Planet MySQL Planet MySQL: Meta Deutsch Español Français Italiano 日本語 Русский Português 中文
Showing entries 1 to 10 of 41 10 Older Entries

Displaying posts with tag: Peter Zaitsev (reset)

InnoDB’s multi-versioning handling can be Achilles’ heel
+1 Vote Up -0Vote Down

I believe InnoDB storage engine architecture is great for a lot of online workloads, however, there are no silver bullets in technology and all design choices have their trade offs. In this blog post I’m going to talk about one important InnoDB limitation that you should consider.

InnoDB is a multiversion concurrency control (MVCC) storage engine which means many versions of the single row can exist at the same time. In fact there can be a huge amount of such row versions. Depending on the isolation mode you have chosen, InnoDB might have to keep all row versions going back to the earliest active read view, but at the very …

  [Read more...]
MySQL benchmarking: Know your baseline variance!
+0 Vote Up -0Vote Down

Often enough I find MySQL benchmark results where the difference between results is 1% or even less and some conclusions are drawn. Now it is not that 1% is not important – especially when you’re developing the product you should care about those 1% improvements or regressions because they tend to add up. However with such a small difference it is very important to understand whenever this is for real or it is just the natural variance for your baseline test.

Take a look at this graph:
Click the image for a larger view)

 


  [Read more...]
MySQL’s INNODB_METRICS table: How much is the overhead?
+0 Vote Up -0Vote Down

Starting with MySQL 5.6 there is an INNODB_METRICS table available in INFORMATION_SCHEMA which contains some additional information than provided in the SHOW GLOBAL STATUS output – yet might be more lightweight than PERFORMANCE_SCHEMA.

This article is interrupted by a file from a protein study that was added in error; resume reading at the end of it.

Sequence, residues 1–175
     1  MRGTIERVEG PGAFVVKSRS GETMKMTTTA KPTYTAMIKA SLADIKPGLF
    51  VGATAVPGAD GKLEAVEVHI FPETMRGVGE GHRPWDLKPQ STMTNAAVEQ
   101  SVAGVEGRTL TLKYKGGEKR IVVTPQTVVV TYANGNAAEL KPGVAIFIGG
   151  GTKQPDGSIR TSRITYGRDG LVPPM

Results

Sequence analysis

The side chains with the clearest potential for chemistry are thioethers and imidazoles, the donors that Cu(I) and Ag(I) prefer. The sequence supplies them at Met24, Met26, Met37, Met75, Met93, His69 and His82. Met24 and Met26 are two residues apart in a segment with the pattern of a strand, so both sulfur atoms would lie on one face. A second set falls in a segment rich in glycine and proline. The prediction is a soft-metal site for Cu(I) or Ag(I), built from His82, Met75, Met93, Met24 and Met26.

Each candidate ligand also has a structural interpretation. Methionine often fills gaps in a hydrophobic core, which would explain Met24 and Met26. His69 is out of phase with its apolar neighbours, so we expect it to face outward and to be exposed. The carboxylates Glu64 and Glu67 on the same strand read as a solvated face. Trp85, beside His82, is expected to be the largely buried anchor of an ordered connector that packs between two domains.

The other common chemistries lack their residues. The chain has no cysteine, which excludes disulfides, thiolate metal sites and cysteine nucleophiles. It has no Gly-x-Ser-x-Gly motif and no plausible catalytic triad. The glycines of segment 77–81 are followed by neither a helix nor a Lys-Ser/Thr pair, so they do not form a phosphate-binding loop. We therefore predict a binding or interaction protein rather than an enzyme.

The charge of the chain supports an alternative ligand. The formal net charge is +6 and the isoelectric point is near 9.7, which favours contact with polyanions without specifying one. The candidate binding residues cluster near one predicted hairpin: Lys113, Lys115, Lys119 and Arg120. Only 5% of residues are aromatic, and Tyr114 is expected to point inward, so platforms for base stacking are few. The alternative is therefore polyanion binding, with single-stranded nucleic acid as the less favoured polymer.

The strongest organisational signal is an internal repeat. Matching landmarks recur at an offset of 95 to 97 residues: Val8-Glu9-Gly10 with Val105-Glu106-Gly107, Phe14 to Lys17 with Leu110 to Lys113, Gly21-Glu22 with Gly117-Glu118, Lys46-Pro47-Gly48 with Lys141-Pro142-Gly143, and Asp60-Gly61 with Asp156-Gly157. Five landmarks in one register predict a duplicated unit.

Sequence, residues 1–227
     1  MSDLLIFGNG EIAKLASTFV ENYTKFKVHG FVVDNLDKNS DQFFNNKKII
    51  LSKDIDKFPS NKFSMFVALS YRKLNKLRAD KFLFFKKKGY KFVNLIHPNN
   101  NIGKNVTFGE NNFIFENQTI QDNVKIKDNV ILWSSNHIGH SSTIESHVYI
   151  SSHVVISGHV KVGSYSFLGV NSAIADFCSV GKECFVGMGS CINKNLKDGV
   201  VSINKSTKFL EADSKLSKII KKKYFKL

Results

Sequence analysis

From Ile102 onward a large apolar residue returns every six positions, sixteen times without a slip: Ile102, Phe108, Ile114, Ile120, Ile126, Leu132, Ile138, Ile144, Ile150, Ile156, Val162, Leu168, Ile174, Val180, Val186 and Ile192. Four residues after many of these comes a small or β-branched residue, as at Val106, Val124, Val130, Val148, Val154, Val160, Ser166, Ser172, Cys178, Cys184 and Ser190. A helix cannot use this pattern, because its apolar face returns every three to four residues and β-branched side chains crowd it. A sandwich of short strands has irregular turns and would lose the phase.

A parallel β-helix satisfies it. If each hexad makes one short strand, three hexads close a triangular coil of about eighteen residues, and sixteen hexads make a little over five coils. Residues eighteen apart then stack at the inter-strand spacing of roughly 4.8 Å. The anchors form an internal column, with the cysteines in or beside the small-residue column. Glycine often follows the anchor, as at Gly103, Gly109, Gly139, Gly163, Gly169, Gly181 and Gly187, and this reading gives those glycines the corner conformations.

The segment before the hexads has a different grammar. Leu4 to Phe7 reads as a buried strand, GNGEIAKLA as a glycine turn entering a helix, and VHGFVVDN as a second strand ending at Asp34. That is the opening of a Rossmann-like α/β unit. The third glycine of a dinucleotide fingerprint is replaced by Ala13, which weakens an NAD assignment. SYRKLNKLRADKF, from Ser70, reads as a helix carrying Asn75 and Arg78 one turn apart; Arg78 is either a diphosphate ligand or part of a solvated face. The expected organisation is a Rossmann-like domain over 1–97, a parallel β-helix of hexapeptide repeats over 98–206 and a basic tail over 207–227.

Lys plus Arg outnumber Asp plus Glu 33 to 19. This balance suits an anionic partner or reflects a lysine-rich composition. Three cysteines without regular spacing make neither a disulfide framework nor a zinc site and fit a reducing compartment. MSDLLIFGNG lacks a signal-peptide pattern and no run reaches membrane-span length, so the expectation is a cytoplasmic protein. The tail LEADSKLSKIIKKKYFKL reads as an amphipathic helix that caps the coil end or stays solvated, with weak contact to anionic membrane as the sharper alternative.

Too bad INNODB_METRICS was designed during the Oracle-Sun split under MySQL leadership and so it covers only InnoDB counters. I think this would be a great replacement to all counters that are currently provided though SHOW STATUS – it captures more information such as providing MIN/MAX counts for …

  [Read more...]
Impressions from MongoDB Day London 2014
+0 Vote Up -0Vote Down

I visited MongoDB Day in London on November 6. Here are a few observations:

App-Developer Centric. It is interesting to see how much MongoDB is about developers; the ops side is something which is a necessary evil developers have to deal with. The ops topics covered in principle that there are no topics about choices of operating systems or hardware for MongoDB beyond flash and more memory.

Development Stacks. Being application centric there was good coverage of the MongoDB-powered …

  [Read more...]
Innodb transaction history often hides dangerous ‘debt’
+1 Vote Up -0Vote Down

In many write-intensive workloads Innodb/XtraDB storage engines you may see hidden and dangerous “debt” being accumulated – unpurged transaction “history” which if not kept in check over time will cause serve performance regression or will take all free space and cause an outage. Let’s talk about where it comes from and what can you do to avoid running into the trouble.

Technical Background: InnoDB is an MVCC engine which means it keeps multiple versions of the rows in the database, and when rows are deleted or updated they are not immediately removed from the database but kept for some time – …

  [Read more...]
MySQL compression: Compressed and Uncompressed data size
+1 Vote Up -0Vote Down